In the preface to the 1960 edition of Moral Man and Immoral Society (1932), Reinhold Niebuhr wrote:
The central thesis was, and is, that the Liberal Movement, both religious and secular, seemed to be unconscious of the basic difference between the morality of individuals, and the collectives, whether races, classes, or nations.
Now, in 2016, when ISIS attempts to justify genocide and impose Sharia law on other groups, there is increased political party intolerance and self-interest in US political discourse, and the LGBT community attempting to impose its bathroom morality on all other people, it is clearer than ever that people still seem to behave better as individuals than in groups, and that the liberal West has failed to make progress in addressing the problems unethical and uncivil behavior of groups.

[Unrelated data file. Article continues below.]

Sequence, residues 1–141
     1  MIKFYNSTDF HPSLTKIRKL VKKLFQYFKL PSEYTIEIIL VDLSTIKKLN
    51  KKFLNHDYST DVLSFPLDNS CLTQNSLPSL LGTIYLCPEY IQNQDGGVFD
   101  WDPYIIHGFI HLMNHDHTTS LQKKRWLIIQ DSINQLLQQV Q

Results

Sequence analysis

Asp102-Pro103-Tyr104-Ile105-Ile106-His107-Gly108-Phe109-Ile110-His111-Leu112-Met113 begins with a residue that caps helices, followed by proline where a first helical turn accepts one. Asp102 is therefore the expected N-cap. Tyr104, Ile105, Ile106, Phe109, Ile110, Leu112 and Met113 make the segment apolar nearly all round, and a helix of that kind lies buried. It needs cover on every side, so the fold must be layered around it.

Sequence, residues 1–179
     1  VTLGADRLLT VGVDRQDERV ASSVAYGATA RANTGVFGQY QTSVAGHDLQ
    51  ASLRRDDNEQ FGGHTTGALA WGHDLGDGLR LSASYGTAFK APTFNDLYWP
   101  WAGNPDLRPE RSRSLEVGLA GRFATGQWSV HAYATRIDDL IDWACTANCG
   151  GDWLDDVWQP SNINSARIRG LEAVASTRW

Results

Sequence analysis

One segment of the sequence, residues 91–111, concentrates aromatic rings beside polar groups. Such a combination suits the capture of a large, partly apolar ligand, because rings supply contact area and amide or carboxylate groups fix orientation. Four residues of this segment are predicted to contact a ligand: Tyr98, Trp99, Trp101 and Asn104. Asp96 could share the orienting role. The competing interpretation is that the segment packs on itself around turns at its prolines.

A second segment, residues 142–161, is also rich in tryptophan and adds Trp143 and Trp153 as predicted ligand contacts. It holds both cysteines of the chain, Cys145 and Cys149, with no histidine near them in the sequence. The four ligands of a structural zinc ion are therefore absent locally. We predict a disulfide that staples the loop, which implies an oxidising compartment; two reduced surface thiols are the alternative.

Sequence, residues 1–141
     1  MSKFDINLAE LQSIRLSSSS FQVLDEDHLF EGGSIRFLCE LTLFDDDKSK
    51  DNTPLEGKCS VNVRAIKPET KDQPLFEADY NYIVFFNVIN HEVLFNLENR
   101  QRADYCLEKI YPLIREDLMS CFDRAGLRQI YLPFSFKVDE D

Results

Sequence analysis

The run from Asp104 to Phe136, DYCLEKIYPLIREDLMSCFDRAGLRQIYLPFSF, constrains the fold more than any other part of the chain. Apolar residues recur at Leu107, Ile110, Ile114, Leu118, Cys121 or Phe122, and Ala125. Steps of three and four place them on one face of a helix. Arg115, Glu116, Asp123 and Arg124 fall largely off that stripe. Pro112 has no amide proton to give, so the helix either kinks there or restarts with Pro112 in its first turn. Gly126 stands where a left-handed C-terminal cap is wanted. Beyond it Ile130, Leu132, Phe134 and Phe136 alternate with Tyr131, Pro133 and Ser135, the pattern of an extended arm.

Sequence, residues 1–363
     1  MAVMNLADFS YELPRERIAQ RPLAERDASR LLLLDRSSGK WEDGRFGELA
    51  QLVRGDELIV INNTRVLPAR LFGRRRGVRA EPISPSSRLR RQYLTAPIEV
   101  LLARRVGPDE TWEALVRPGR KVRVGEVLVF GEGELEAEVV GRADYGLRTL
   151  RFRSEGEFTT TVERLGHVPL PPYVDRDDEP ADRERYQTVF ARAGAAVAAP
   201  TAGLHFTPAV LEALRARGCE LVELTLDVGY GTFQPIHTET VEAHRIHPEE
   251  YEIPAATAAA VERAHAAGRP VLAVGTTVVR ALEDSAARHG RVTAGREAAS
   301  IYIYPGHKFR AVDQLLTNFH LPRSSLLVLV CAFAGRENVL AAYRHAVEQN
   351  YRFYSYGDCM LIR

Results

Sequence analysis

One reason for this failure is that long ago standards for personal behavior and interpersonal behavior developed. These standards evolved over centuries and were encapsulated in the Ten Commandments in the Bible, however they did not originate there. The Code of Hammurabi that preceded the Bible by perhaps one thousand years contains most of these standards for individuals. It is important to understand that these standards are not arbitrary, nor were they generated by consensus. They evolved in order to allow human societies to function, and like Darwin’s theses regarding human adaptation, civilizations began to flourish when individuals practiced these commandments.
However, from Ancient times through the Middle Ages, people largely lived in groups and were separated from other groups. Tribal elders or town mayors largely dictated the politics, economy, and morality of their community, and such groups tended to have a great deal of autonomy, even if they were part of some larger empire. If an individual didn’t like the standards of their birth group, they were shunned, expelled, or killed. However, while these groups enforced a code of behavior that reflected their own particular history, geographical setting, and leadership, they all followed the spirit of the Ten Commandments. Continue reading →